There is never a dull moment in today’s oil market.
We had hardly got used to the notion that prices were marching ever higher, with the possibility of reaching $100 a barrel, than we learned that crude was on the slide.
Higher than expected US inventories were landed with some of the blame for this, along with the longer-term current concerns about slowing international growth.
The decline continued this morning, with Brent crude – a benchmark price used in many international contracts – losing 94 cents a barrel, or 1.13%, to $82.15.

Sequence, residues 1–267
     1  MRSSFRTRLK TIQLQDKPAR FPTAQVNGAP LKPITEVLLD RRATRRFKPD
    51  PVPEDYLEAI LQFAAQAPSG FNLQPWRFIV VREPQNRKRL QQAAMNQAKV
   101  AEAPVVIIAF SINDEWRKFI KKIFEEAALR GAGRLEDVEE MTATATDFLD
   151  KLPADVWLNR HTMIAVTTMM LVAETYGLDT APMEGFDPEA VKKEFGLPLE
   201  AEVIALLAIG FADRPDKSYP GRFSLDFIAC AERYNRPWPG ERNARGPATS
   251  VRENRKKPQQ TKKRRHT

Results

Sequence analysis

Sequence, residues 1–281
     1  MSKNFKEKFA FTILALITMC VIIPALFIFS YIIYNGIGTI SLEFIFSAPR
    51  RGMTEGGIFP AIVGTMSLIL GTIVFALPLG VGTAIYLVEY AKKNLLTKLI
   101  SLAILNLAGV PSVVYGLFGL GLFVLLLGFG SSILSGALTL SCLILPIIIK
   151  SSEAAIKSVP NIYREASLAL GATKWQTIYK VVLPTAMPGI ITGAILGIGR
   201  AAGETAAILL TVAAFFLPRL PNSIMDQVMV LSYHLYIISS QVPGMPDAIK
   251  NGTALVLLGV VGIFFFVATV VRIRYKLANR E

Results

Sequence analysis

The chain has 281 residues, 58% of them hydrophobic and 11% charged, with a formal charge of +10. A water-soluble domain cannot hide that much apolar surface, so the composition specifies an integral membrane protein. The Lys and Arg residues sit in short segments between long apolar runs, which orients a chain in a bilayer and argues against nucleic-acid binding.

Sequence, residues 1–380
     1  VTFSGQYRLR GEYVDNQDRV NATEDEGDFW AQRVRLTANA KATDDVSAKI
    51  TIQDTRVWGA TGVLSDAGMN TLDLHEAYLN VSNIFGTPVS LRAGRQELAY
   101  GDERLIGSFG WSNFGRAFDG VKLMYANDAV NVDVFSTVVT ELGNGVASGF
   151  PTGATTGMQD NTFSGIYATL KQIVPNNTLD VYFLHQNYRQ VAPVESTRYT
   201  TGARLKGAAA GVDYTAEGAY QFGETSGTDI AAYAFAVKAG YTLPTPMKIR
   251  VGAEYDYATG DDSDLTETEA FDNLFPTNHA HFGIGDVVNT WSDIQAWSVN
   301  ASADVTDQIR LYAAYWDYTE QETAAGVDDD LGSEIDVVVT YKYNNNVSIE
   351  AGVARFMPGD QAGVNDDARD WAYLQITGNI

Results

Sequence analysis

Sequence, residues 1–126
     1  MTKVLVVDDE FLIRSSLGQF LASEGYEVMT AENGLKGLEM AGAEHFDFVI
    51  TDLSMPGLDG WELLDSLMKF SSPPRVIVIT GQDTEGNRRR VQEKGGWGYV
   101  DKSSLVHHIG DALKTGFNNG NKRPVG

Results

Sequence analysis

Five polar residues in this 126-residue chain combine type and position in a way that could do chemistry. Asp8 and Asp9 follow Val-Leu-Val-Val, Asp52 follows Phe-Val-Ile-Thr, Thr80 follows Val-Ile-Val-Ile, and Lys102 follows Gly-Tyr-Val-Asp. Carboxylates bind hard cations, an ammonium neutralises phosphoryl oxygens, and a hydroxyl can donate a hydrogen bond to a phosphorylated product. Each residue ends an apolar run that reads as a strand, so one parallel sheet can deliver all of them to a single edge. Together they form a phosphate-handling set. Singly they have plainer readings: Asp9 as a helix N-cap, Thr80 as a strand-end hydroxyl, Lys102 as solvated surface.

West Texas Intermediate (WTI) was also lower, losing 79 cents a barrel, or 1.08%, to $72.38.
A very strong year
Look at the past month, however, and the picture is rather brighter. Brent crude was trading at $79.06 a barrel on 11 September and $83.09 on 10 October. Similarly, WTI changed hands at $69.25 on 11 September and at $73.17 on 10 October.
The longer-term rise has been more marked still. On 11 October 2017, Brent crude traded at $56.25, and by 10 October this year it stood at $83.09. That is an increase of more than 47%.